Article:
NEW LADDERS AND THE WORK AT HEIGHT REGULATIONS (WAHR) – WHAT THEY MEAN TO YOU
UNDER NEW REGULATIONS LADDERS CAN BE USED FOR ACCESS AND EGRESS
LADDERS CAN BE USED TO WORK FROM
LADDERS ARE LEGAL
The use of portable ladders in UK industry is currently controlled by a number of legal items including:
- Health and Safety at Work Act 1974
- Construction (Health, Safety and Welfare) Regulations 1996 (CHSWR)
- Management of Health and Safety at Work Regulations 1999
- Manual Handling Regulations 1992
- Personal Protective Equipment (PPE) Regulations 1992
- Provision and Use of Work Equipment Regulations (PUWER) 1998
- Workplace (Health, Safety and Welfare) Regulations 1992
The primary objective of the new legislation is to eliminate work at height where possible and where it is not possible, to ensure that ALL work at height is performed safely and that equipment has been appropriately selected. Appropriate equipment can include access from a mobile access tower, scaffold or a ladder. Many of the requirements contained in the new legislation already feature in existing legislation specific to the construction industry, and under the new legislation these will be applied to all sectors of the economy. All work at height will be covered, and not limited to any specific height or work equipment used.
As under existing legislation, duties are placed on employers, the self-employed and employees.
The WAHR require employers and the self-employed to put in place arrangements for:
- Eliminating or minimising risks from work at height
- Organising and planning work at height
- Selecting suitable work equipment to perform work at height
When selecting suitable work equipment, the principles of Risk Assessment must be taken into account as required by the Regulation 3 of the Management of Health and Safety at Work Regulations 1999. The Risk Assessment and the action taken should be proportionate to the harm that could occur if no action was taken. Where work at height cannot be eliminated/avoided, safe means of access/working should be considered. As far as ladders in particular are concerned the following should be considered:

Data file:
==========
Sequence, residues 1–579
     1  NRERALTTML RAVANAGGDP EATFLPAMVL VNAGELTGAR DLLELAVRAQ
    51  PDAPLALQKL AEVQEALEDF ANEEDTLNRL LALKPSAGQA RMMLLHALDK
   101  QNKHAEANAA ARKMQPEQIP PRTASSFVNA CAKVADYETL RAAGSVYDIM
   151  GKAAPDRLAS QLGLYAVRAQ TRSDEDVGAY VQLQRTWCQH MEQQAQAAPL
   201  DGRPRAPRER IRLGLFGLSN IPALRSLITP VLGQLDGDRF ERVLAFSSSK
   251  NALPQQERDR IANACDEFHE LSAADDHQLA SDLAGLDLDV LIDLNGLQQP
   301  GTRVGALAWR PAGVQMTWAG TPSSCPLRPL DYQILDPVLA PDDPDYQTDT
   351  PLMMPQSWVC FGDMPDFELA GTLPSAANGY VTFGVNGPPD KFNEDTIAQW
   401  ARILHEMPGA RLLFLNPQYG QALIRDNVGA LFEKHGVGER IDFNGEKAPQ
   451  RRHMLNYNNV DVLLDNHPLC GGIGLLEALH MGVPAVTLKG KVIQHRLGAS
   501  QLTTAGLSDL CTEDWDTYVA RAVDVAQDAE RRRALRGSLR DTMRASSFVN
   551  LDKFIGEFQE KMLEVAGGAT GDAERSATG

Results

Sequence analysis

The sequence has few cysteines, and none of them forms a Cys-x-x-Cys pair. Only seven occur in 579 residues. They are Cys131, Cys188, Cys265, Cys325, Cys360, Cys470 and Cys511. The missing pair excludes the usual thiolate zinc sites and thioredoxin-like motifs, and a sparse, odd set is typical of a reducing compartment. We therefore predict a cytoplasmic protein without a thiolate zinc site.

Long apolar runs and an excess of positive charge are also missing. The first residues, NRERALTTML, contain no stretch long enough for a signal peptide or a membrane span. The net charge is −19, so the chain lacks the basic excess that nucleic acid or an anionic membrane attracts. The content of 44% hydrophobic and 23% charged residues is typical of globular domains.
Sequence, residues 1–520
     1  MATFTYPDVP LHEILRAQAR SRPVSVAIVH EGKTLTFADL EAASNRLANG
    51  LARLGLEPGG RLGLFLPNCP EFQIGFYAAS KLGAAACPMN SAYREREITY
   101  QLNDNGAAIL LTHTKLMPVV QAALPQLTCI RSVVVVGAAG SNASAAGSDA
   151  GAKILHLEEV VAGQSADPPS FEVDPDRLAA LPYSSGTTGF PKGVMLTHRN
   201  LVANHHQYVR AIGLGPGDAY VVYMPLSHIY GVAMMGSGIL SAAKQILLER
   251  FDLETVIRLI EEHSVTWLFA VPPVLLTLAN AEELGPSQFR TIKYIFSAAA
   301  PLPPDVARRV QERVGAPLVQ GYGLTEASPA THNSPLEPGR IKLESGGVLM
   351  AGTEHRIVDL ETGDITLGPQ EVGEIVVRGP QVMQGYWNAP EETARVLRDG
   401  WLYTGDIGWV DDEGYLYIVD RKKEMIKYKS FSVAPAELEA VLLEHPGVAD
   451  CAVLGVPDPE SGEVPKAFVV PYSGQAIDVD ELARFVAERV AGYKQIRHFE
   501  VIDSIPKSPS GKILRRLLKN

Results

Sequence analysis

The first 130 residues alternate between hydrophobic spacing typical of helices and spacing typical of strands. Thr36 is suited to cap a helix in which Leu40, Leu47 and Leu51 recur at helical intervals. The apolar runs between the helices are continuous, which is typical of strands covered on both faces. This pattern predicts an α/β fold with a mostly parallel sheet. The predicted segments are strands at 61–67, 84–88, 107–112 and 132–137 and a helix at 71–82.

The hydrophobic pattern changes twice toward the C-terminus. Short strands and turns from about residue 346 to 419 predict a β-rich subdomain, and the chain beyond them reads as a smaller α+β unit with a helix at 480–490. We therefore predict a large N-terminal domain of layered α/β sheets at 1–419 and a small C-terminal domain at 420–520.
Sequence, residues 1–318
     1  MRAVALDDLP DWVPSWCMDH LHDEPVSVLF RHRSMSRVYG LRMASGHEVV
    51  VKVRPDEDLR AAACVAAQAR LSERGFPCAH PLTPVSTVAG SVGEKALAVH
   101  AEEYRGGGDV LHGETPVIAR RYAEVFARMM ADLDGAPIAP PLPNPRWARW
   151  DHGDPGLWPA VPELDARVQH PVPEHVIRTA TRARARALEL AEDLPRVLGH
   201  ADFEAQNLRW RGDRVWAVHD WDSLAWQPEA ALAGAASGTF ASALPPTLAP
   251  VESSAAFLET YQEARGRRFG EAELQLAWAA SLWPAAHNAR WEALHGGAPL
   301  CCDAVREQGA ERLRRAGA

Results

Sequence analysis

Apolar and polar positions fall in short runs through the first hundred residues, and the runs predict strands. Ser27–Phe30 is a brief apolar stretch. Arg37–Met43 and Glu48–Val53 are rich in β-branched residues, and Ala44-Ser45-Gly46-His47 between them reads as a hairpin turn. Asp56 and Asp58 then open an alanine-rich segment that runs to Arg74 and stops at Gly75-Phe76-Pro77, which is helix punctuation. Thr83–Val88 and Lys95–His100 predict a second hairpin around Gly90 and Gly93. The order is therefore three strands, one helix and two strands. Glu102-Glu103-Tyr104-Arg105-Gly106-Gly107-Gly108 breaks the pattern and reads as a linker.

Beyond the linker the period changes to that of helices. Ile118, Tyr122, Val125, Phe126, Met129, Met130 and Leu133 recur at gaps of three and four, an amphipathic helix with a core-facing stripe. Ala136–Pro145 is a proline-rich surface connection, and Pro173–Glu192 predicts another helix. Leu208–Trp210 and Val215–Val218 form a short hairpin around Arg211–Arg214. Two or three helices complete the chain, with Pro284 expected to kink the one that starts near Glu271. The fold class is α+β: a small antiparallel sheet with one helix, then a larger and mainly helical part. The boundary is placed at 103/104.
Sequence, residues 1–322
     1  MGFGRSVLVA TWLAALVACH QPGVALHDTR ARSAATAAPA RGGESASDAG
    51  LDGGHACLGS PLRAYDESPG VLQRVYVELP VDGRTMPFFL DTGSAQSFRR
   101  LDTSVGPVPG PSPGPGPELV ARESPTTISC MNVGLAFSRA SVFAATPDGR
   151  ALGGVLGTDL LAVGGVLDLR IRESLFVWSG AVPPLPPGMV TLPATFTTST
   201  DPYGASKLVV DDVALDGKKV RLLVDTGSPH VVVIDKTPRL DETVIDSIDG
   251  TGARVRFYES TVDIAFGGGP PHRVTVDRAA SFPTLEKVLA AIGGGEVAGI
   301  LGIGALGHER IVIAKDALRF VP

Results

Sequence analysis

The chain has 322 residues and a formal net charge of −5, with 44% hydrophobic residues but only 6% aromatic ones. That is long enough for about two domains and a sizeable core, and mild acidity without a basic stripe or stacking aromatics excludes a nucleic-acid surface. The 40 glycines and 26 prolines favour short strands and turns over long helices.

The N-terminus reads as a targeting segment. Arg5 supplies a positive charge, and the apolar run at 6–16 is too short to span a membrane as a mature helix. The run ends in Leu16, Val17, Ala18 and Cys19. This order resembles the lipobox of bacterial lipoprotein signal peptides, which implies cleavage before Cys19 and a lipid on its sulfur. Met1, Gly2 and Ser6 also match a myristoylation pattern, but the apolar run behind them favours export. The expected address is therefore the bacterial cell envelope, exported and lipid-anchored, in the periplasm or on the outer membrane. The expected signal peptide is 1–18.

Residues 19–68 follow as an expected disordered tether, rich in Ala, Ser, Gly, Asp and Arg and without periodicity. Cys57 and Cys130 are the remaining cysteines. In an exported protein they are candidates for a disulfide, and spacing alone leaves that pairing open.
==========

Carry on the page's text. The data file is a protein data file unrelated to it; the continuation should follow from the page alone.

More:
- What is the ladder to be used for
- Type of ladder
- Loads to be carried
- Short duration of the work
- Prevention of and consequences of falls
- Wear and tear of the equipment
- Other suitable access equipment
- Frequency of access
- Training and abilities of users
- Workplace, ground and side conditions, including access and egress and external factors e.g. weather and vandalism as well as safety from electrical shocks
Ladders are Work Equipment as defined by PUWER 98 and must be suitable for the task to be undertaken.
Ladders can be used as workplaces when it is not reasonably practicable to use other potentially safer means and the Risk Assessment shows that risks are low.
Ladders can be used for access when the installation of a permanent staircase is not reasonably practicable.
Ladders should be used in accordance with manufacturer’s instructions and:
- Leaning ladders should be placed at the correct angle
- Leaning ladders should be secured to prevent slippage
- Ladders should be placed on firm level surfaces with the rungs horizontal
- Users should face the ladder at all times whilst climbing or dismounting
- Stepladders should not be used sideways-on where sideways loads are applied
- Only one person should climb or work from a ladder or a stepladder
- Do not overreach
- Ladders should be stored correctly
- Ladders should be checked before setting up and inspected regularly
Note: WAHR spells out the need to check and maintain ladders. WAHR is not requiring anything new, but clearly stating the general requirements of PUWER to maintain and inspect work equipment (Regulations 5 and 6(2)). Many of these points do not change from current legislation, however the BLMA have produced Risk Assessment Guideline forms for stepladders and leaning ladders to aid those responsible for ladder use. These are available from the Association, and as a free download from the BLMA website. Employees should report any activity or defect relating to work at height which is likely to endanger the safety of themselves or others, and employees should use work equipment or safety devices provided for work at height in accordance with training and instructions that have been given.
Visit www.ladders-blma.co.uk to download your free copy of the Ladders and the Work Height Regulations pamphlet produced by the BLMA (British Ladder Manufacturers Association) in consultation with the HSE (Health and Safety Executive). Alternatively, you can contact them at:-
AVAILABLE FROM TITAN:
- Risk Assessment Guidelines for Use of Leaning Ladders
- Copies of WAHR Regulations
- The BLMA Leaning Ladder & Stepladder User’s Guide
- FREE Titan User’s Guide supplied with every Ladder (extra copies available on request)